Ubud is known for being a home for cultural arts where you will find plethora of artist communities enriching the place’s heritage and reputation. Many locals depend from art displays and trades as a source of living.
Ubud is also known for its rainforests, rivers and ravines. If you have had it enough with blue beaches and sands, perhaps the nature is calling you to take a different route and breathe the fresh air in the greeneries of Ubud.
Balinese mythology is often illustrated through dance and Barong and Keris dance is one of them. This is a classic mythical story about good against evil which provides a fascinating insight into the local culture. Good is personified by the Barong Keket, the holiest form of all Barong, representing good spirit which protects all villages and forests in Bali. The character appears to be a fusion between a shaggy dog and a lion which usually animated by two men. While evil is represented by Rangda, a witch who was condemned for practicing black magic. Ultimately, the two characters engage in a battle, at which point the Barong's Kris knife-bearing followers rush in to attack Rangda. The witch, however, uses her immense magical powers to turn the Keris knives in upon their owners, who then fall into the state of trance and start stabbing themselves. Barong then casts a spell to shield his followers from the blow. In the end, Barong triumphs and Rangda retreats to recuperate her strength for the next encounter in a never-ending battle between good and evil.
Celuk Village is small community in the southern Ubud area known for it's silverware industry. There are plenty of galleries to visit where you can directly observe the process of making the silvers and golds at the hands of the local artists.
Batuan village is famous for its traditional painting art, although recently they have developed into Balinese dance art centre as well. You will see a lot of painting being sold on the street as we step into the village. However, if you are curious about how far the painting quality can go, take the chance to visit their official gallery.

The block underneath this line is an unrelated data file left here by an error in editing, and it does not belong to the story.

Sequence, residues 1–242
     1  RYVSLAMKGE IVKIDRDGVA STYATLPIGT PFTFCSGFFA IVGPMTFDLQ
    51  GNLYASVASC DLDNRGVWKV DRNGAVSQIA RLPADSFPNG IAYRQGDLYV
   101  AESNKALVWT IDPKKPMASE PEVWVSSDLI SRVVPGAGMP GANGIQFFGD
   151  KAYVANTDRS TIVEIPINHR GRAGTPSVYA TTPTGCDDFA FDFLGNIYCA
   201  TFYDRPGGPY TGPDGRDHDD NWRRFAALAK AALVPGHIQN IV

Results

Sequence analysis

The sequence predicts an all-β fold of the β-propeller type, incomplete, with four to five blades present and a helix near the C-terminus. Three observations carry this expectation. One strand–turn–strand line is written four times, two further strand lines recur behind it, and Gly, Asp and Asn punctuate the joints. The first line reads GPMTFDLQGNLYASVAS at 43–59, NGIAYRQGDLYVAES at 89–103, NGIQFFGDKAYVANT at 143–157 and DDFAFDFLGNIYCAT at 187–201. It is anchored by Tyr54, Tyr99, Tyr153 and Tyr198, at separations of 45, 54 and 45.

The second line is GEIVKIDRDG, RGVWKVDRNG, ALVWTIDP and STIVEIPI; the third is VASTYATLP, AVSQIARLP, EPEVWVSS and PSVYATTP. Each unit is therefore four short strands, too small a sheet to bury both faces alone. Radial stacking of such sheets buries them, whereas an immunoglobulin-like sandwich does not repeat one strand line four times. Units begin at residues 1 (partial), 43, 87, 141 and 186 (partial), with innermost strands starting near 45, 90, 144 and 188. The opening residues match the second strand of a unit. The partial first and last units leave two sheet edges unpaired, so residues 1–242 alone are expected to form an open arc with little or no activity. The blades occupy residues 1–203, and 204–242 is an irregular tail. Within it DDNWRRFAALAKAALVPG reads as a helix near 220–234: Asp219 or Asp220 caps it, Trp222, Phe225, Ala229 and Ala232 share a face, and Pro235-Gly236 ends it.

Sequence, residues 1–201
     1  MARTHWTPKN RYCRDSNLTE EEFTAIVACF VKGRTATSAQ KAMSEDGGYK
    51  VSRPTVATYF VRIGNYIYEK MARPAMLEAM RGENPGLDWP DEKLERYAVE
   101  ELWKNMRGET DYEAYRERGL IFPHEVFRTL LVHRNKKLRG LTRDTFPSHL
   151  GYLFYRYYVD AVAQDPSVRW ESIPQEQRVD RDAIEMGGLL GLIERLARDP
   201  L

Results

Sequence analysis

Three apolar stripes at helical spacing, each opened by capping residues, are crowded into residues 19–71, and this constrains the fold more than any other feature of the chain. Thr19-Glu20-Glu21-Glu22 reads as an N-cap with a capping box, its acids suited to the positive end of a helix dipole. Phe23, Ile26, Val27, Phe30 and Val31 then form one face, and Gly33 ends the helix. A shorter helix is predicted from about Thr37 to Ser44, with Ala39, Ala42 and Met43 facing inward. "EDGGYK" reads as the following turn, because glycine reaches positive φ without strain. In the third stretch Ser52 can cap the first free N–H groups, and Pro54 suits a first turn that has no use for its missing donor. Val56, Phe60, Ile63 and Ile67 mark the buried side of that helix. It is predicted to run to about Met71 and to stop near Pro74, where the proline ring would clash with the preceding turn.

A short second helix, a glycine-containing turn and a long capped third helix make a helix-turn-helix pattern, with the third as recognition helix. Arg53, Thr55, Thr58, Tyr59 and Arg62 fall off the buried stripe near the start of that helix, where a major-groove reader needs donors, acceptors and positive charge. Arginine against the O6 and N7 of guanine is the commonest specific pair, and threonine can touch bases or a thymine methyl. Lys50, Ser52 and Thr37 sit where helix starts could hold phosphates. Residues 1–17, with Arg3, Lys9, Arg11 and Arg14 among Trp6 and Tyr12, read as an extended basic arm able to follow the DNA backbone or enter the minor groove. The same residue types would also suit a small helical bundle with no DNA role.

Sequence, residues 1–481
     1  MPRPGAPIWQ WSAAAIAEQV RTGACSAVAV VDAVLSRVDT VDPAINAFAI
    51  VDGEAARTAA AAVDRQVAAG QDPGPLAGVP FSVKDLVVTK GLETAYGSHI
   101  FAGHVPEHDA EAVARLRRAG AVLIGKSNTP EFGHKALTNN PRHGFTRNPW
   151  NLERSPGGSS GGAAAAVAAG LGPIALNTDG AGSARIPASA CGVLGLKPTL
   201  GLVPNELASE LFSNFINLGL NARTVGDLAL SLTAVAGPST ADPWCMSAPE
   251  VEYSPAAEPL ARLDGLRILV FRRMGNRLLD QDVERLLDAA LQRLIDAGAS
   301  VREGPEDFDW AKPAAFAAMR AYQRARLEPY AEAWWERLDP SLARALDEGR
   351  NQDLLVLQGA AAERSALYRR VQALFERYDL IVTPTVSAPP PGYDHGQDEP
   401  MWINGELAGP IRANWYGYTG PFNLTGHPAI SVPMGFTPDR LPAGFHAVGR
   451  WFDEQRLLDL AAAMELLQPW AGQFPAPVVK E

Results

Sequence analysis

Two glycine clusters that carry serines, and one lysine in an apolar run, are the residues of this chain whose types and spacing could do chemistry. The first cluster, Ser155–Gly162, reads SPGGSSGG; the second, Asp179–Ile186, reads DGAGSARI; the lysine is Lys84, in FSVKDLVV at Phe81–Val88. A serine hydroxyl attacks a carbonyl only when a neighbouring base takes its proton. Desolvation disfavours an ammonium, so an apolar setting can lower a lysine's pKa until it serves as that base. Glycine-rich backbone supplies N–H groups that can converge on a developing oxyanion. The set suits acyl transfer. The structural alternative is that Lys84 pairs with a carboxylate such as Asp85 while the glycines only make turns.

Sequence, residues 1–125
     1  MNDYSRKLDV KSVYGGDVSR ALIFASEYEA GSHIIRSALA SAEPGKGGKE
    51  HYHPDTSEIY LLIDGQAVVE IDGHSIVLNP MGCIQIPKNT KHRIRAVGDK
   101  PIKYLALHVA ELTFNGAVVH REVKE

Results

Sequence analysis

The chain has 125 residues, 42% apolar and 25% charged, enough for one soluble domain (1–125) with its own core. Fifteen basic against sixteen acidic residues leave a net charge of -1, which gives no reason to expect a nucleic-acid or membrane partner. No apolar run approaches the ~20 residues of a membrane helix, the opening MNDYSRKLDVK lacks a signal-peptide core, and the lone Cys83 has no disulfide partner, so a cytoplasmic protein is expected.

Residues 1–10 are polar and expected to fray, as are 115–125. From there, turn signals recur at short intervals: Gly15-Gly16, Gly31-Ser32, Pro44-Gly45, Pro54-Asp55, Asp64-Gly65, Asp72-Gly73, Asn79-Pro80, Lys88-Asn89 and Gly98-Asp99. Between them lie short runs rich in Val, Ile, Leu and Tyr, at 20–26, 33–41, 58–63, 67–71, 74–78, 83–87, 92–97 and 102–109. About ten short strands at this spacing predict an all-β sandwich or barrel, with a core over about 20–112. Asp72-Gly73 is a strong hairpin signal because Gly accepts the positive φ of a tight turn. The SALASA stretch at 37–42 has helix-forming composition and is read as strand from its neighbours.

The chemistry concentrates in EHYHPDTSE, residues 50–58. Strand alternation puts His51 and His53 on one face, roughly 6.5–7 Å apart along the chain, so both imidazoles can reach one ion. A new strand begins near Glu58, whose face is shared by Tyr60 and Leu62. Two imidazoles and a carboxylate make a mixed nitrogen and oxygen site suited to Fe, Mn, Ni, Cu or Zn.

The Batuan Temple is considered to be the oldest Puseh temple in the island - a place to worship Lord Vishnu the Caretaker in the Three Nirvanas concept taught to the Balinese nearly a millennium ago. Its archaic ornaments, especially on the entrance gate and the meeting hall; contributes to the interests of many tourists. Visitors could also learn about wide array of ancient sculptures and stones at the backyard of the temple complex.
One of the most renowned rice fields in Asia which is famous for retaining the traditional Balinese irrigation system known as Subak. Take a walk on the slope across the valley and witness local farmers' activities as they plant and reap the rice from terraced paddies. You’ll be able to take pictures on the high roadside and the famous “Love Bali” sign.
It’s a renowned rainforest conservation center with archaic open-air architecture close to the busiest part of Ubud. Here you’ll be able to enjoy fresh air as well as to interact with hundreds of long-tailed macaques by feeding them with hand. There are trails across 27 acres of the park which allow visitors to access many features in the Monkey Forest grounds.
The palace was built by Ida Tjokorda Putu Kandel, King of Ubud circa 1820 which initially functioned as government center. Today, Puri Saren serves as a repository for Balinese cultural legacy in art and literature to the benefit of local artists and historians alike.
Right across Puri Saren (the Ubud Royal Palace), there is a traditional market laden with hand-made local products. At the west side of the market are full of tourists buying crafted souvenirs with relatively cheap price, while the east side comprises of groceries and household items. There are a lot of items that you can bring home, such as slippers, wooden statues, bags, clothes, mats, paintings and loads of other stuffs.
- Air-conditioned Hotel Transfers
- Mineral water
- Safety Equipment
- Set Lunch
- Entrance tickets & parking fees for all attractions
- Toll Roads (if any)
- Mandatory Sarong at the Batuan Temple
- Food for feeding the macaques at Ubud Monkey Forest
- Groceries / souvenirs purchased at Ubud Market
- Parking fee to places other than listed destinations (i.e. convenience store, money changer, etc.)